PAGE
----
About terrestrial molluscs
There are 124 species of terrestrial molluscs (slugs and snails) in Oregon. Except for the beloved banana slug, most native snails and slugs go unnoticed as they feed on plants, fungi, or an array of decaying organic material. A few are predators. Their alien nature can be fascinating — legless hermaphrodites, love darts, tails that can be lost like a lizard’s, and plenty of mucus.
Due to western Oregon’s fame as excellent slug and snail habitat, most people don’t realize that a huge proportion of our fauna is exotic (mostly introduced from other continents, but a few are from eastern North America). Twenty-eight of Oregon’s species (22%) are exotic, which includes all of our pest species. Of 29 species of slug, 15 are exotic, which is pretty incredible when you consider the concern there would be if over half of our bird species were non-native!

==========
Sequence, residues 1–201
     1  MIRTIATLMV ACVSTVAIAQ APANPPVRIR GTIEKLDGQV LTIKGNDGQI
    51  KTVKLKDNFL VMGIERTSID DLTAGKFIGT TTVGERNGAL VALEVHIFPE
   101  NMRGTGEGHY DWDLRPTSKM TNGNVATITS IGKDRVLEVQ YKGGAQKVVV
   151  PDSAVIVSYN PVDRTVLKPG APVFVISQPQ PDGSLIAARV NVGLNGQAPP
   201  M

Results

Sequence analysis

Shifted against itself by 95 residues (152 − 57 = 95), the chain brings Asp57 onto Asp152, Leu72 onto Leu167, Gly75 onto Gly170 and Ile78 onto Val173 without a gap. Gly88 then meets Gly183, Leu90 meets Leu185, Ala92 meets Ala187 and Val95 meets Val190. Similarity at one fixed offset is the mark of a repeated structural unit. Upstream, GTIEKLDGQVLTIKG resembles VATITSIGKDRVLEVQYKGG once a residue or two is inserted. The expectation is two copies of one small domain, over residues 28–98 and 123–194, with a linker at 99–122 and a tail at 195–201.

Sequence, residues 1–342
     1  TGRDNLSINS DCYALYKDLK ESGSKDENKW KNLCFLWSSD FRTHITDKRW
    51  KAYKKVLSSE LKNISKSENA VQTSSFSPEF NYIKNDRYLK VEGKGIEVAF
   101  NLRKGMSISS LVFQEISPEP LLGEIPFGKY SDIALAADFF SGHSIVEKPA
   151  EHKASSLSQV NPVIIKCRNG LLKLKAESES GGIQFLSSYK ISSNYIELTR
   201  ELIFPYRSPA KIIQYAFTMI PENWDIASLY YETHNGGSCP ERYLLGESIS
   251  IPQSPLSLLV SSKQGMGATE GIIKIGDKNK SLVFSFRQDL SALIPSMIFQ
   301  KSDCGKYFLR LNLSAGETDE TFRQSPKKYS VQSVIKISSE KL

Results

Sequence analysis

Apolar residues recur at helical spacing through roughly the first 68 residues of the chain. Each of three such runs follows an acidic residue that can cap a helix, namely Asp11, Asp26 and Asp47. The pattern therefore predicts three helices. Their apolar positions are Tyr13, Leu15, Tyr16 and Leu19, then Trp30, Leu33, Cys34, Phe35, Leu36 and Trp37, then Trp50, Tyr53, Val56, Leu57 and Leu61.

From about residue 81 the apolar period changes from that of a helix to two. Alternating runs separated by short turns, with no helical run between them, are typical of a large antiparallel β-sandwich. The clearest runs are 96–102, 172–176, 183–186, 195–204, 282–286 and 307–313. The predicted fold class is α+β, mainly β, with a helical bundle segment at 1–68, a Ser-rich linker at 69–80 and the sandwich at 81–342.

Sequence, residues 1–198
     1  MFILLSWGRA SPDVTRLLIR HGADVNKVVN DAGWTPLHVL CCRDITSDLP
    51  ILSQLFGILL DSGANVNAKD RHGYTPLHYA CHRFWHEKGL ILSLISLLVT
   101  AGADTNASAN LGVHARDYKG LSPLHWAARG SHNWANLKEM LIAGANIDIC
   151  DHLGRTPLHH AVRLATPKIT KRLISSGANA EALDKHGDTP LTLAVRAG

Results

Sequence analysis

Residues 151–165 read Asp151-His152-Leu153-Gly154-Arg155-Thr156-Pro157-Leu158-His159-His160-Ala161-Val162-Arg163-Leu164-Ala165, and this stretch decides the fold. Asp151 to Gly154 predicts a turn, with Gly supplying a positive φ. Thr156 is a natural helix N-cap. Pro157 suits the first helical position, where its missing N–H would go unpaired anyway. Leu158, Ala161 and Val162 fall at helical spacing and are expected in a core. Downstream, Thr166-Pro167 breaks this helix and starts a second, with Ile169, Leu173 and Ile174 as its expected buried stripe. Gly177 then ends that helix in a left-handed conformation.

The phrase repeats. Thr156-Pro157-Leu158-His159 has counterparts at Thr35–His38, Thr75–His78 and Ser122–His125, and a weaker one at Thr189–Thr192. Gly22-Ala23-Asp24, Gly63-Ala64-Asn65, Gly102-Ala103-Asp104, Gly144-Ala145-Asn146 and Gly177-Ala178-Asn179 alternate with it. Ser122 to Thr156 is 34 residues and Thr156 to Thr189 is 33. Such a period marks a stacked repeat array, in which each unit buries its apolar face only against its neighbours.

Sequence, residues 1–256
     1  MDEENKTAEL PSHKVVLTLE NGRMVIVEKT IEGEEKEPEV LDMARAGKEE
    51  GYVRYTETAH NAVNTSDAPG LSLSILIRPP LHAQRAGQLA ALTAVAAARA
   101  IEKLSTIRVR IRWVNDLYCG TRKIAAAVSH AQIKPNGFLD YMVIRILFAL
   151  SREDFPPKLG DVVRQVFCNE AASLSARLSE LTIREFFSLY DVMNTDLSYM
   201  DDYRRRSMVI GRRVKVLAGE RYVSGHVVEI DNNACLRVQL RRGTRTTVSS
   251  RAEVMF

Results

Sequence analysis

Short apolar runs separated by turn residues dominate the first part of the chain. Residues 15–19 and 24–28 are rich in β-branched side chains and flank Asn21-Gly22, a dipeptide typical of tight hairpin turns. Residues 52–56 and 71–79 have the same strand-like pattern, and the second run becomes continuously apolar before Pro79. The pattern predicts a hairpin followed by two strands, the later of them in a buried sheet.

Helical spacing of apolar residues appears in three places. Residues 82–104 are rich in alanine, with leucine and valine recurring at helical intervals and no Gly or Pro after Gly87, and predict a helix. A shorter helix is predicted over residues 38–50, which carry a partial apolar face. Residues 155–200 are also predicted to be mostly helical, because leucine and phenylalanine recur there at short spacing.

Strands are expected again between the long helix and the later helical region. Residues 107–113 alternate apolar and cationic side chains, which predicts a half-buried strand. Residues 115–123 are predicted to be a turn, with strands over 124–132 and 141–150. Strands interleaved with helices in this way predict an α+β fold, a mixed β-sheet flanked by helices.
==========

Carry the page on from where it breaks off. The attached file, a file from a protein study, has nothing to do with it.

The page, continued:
Most people notice slugs and snails when they damage garden plants or because they are large and cross their path. However, there is considerable diversity both in form and behavior of terrestrial molluscs in Oregon. For example, most native species do little or no damage to plants and many are quite small.
Many slugs and snails have a homing behavior. They typically have a refuge to which they return to each day. Most are active at night, although many species can be active on wet, cloudy days.
Slugs and snails are hermaphrodites (they have both male and female genitalia). Some species can even self-fertilize.
During mating, many species use love darts. These are calcium carbonate darts (some are more like spears or arrows) with which they try to stab each other prior to mating. The successful individual (the “stabber”) will typically fertilize more eggs than the “stabbed” mollusc, due to hormones delivered with the dart.